Mind your own hula hoop when change is rampant

What’s a hula hoop got to do with change? Whenever I speak on resilience and responding to change, I invite the audience to go on an adventure with me. We stand up. We imagine ourselves running across the shire. Together, we shout, “I’m going on an adventure!”

This proclamation is far more exciting than moping about, mumbling incessantly about things you can’t control. Try it now, if you can. (The proclamation, not the moping.) See? It’s exhilarating!

Where so many of us get tripped up is that we think about all the hazards, obstacles and unknowns. We get overwhelmed with worry. We’re exhausted before we begin. That’s when it’s important to think about the space immediately around us.

Focus on your hula hoop

Amy Waninger using a hula hoop during a speaking engagement to illustrate what can and cannot be controlled. (photo provided)This is when I get out my hula hoop. Yes, really. I step inside it and gently remind myself that everything I can control fits within that plastic circle. There’s no need to worry about what might be discussed in the boardroom tomorrow. No reason to predict decisions being made about spreadsheets or org charts. No sense wasting time gossiping with Steve from Accounting. Just focus on what’s inside a 19-inch radius.

When I’m on stage, I bring my hula hoop with me. (There’s a snap-together version that fits in a carry-on.) It’s a great prop! For one thing, people can’t wait to see if I’m really going to use it. (I totally do.) But it’s also a great visual to reinforce the limits of our control. The message hits home.

Not only do I step inside my hoop on stage, I also invite my audience to imagine they each have one as well. After that exhilarating “run across the shire,” we hula hoop together.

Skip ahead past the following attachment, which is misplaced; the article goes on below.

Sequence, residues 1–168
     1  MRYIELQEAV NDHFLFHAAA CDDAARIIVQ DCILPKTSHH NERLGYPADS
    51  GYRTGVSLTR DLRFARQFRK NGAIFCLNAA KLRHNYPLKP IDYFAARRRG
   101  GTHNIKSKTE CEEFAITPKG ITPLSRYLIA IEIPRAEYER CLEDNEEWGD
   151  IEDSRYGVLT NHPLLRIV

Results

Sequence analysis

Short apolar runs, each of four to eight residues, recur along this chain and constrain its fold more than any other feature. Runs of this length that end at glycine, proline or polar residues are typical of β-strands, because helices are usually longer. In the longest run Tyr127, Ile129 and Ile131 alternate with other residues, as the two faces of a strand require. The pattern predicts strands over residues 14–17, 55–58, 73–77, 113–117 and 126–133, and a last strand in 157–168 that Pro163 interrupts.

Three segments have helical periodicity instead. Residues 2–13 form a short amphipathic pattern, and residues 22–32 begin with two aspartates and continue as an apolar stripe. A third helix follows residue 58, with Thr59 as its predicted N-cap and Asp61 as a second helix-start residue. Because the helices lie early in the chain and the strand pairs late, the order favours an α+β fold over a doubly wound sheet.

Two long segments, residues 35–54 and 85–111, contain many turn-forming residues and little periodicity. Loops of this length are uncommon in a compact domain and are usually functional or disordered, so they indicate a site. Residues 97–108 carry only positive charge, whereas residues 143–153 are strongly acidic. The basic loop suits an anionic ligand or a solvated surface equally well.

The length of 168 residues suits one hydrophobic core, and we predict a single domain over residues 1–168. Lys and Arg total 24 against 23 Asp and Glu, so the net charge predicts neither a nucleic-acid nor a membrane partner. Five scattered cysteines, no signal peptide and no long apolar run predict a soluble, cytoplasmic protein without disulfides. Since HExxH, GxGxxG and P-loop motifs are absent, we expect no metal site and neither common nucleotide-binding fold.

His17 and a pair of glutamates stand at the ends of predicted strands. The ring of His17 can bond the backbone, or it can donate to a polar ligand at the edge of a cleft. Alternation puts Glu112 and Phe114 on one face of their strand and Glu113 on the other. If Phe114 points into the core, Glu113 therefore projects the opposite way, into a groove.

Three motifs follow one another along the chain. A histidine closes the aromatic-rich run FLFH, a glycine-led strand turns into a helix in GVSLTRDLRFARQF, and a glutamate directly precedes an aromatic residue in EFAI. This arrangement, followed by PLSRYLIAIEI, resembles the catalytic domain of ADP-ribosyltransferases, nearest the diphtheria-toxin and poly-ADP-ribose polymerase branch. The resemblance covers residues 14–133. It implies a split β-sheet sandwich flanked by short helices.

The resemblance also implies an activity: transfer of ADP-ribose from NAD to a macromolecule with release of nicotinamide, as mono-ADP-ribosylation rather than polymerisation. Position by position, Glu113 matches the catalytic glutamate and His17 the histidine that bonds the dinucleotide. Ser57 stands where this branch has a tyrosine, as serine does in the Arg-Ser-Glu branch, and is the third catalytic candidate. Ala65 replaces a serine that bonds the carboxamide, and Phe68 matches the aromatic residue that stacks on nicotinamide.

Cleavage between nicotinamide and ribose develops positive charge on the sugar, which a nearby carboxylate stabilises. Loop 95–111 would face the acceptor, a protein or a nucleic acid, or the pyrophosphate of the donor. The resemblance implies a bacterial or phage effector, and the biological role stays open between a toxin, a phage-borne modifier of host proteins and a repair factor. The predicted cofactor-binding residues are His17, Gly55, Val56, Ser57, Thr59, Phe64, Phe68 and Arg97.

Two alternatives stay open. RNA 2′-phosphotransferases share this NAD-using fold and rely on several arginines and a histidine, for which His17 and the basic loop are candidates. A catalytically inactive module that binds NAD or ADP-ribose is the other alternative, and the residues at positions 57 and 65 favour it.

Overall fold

This activity is usually a bright spot in a long conference day. Silliness and laughter also break tension. But, more importantly, each person remembers that the only way to positively influence others is to first manage what’s within their own hula hoop.

If you’re working through a rough transition at work, try this activity.

  1. Draw a large circle on a piece of paper. This circle represents your hula hoop.
  2. Write down everything that’s concerning you. If it’s something you can control, put it inside the circle. Otherwise, put it outside the circle.
  3. Accept that you can’t control the stuff outside the circle.
  4. Pick one thing inside the circle that you can do something about. Then do it! If you need some inside-the-hula-hoop ideas, check out my post about self-care.

Amy C. WaningerAmy C. Waninger works with organizations that want to build leadership bench strength from a diverse talent population. She is the author of numerous books, including "Network Beyond Bias: Making Diversity a Competitive Advantage for Your Career." Amy is a Certified Diversity Professional, a Professional Member of National Speakers Association, a Certified Virtual Presenter, and a Prosci Certified Change Practitioner. Her other credentials include two degrees from Indiana University and a "World’s Best Mom" coffee mug.

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